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Brewing at home lets coffee lovers control many variables that affect flavor

People who get into coffee tend to follow similar paths. They switch over from automatic drip to manual brewing to better control the process. They start buying whole beans and preaching the virtues of freshly roasted coffee.

Manual drip and press-pot (often called a French press) coffeemakers are popular among this set for a number of reasons: They're inexpensive, easy to clean, easy to use and relatively quick and consistent. But the best thing about both is they allow for easy manipulation of the variables that affect the taste of the coffee.

The principal factors are the water temperature, the "dose" of coffee (ratio of coffee to water), the size of the grind and the time that the water is in contact with the beans.

It's easy to learn the basics of these two methods. Press pots work by mixing hot water with ground coffee, letting it circulate and brew, then pressing a fine sieve down the beaker, filtering out coffee sediment.

Manual drip brewers — Melitta and Chemex are two brands — are one type of manual drip coffeemaker, so details about this method are generally applicable to other manual drip methods. With a manual drip, coffee is placed in a paper filter that sits in the top half of an hourglass-shaped glass vessel. Water is gradually poured over the grounds. The thickness and type of the paper helps control the way the water circulates through the coffee and drips into the holding vessel below.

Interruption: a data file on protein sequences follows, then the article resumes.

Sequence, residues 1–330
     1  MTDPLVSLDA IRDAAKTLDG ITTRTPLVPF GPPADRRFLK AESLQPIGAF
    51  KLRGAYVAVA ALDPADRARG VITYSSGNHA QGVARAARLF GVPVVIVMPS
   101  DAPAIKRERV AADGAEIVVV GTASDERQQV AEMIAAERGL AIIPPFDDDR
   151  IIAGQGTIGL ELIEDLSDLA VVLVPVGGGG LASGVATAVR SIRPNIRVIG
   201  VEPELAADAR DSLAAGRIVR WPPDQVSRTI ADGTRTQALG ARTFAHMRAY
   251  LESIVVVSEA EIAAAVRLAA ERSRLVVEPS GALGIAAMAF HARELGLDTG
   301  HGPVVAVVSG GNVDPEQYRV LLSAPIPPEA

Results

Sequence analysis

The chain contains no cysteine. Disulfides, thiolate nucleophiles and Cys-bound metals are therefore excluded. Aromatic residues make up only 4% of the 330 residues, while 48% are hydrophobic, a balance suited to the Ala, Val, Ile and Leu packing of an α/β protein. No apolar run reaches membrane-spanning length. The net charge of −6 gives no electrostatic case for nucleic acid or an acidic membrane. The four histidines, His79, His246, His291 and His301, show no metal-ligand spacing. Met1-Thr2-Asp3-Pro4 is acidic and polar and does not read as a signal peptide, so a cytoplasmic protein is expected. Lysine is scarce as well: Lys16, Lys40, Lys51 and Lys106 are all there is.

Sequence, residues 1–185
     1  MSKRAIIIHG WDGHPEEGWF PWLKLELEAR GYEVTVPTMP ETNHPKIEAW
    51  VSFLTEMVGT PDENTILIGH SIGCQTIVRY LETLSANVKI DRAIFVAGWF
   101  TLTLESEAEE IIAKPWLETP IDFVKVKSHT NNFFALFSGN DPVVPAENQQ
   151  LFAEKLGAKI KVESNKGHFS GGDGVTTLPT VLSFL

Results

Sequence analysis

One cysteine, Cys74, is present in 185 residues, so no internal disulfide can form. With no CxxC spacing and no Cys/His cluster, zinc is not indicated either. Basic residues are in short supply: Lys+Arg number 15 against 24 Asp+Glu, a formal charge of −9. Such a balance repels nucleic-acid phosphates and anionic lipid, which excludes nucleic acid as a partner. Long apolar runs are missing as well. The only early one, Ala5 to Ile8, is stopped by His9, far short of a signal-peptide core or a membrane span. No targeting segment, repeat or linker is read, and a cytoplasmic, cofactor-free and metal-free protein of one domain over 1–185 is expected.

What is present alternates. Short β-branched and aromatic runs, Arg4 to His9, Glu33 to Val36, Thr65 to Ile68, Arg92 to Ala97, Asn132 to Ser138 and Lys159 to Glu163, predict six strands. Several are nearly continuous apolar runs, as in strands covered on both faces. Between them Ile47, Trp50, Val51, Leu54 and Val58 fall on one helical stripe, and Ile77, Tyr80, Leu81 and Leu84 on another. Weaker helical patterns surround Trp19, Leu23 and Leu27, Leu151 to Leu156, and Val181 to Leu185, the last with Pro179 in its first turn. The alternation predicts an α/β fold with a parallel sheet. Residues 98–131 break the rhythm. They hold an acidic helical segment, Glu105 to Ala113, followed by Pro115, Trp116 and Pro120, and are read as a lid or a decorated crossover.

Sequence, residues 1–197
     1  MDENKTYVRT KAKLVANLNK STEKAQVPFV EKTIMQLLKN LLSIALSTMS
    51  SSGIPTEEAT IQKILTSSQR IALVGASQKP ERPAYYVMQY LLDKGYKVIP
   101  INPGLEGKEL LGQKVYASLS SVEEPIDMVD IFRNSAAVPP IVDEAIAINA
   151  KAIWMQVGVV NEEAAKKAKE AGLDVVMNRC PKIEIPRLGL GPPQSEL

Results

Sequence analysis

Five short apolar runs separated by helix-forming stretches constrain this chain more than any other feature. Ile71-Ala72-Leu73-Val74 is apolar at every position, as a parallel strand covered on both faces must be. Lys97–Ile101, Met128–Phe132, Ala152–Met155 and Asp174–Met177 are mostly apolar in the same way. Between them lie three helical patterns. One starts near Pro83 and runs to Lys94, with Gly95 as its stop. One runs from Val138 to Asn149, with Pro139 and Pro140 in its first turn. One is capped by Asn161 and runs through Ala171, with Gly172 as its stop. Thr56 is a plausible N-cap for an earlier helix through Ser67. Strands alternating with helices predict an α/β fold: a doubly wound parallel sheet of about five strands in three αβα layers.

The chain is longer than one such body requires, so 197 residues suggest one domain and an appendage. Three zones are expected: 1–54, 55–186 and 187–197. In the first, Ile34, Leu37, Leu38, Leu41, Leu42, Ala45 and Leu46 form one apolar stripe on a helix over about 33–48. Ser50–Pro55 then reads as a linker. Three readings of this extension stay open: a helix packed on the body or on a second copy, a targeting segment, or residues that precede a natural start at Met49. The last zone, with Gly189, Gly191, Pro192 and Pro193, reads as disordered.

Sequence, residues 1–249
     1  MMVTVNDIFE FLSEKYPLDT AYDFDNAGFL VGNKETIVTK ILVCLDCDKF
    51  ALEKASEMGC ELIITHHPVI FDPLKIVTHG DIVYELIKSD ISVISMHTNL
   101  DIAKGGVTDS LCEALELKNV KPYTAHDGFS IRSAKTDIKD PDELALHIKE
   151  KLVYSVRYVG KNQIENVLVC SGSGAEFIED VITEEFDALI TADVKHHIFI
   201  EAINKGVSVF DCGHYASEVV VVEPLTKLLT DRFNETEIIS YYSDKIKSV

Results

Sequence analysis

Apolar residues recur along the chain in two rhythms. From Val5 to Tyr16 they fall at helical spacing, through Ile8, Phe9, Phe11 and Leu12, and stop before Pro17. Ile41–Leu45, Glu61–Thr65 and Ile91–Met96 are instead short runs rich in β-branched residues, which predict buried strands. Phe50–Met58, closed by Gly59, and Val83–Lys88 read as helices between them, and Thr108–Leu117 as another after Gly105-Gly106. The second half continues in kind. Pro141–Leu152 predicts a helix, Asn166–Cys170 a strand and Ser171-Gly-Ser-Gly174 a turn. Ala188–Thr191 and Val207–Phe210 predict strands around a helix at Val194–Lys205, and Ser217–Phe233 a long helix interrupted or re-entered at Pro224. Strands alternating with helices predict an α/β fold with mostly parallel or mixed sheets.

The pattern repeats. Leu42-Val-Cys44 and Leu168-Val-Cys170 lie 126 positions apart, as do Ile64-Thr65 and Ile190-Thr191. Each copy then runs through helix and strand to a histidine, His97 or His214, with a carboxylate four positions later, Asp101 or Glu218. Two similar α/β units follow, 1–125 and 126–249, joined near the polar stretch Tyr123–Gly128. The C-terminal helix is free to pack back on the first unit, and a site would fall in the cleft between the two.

The grind

Dark-roasted, artisanal coffee beans are widely available these days, but a lot can go wrong betwixt bean and cup. First, whole-bean coffee remains fresh longer than ground, but since coffee is perishable, even whole beans should be refrigerated or kept in an airtight container in a dark place. Grind your own beans just prior to brewing.

Grinding itself is a key to a good cup of coffee. Beans should be ground appropriately for your method of brewing: A coarse grind should be used when there is more time for contact with the water, a fine grind when there is less. For most grinders, grind 6 to 8 seconds for a French press, 10 seconds for a flat-filter drip pot (a little less if you have a metal filter), 20 seconds for a gold V-shaped filter or for a Neapolitan drip machine, 25 seconds for regular cone filters or steam espresso machines. If you buy coffee already ground, be advised that coffee labeled "drip" or "auto-drip" is more finely ground, while those labeled "perk," "electric perk" or "regular" are more coarsely ground.

Only brew as much coffee as you can drink immediately. Reheating destroys all of the delicate, complex flavors of quality coffee. If you don't like the taste of your coffee once it's less than scalding, consider whether you could buy better beans. Quality coffees taste better as they cool.


Generally speaking, for a strong, flavorful cup of coffee allow 2 tablespoons ground coffee per 6 ounces water. When using a French press, push the plunger down after about 3 minutes; longer steeping will result in over-extracted coffee. With drip pots, most coffee snobs claim to detect an off, paper taste when paper filters are used; gold or nylon permanent filters are thought to be worth the expense, but make sure they are cleaned properly or they, too, may add an off flavor.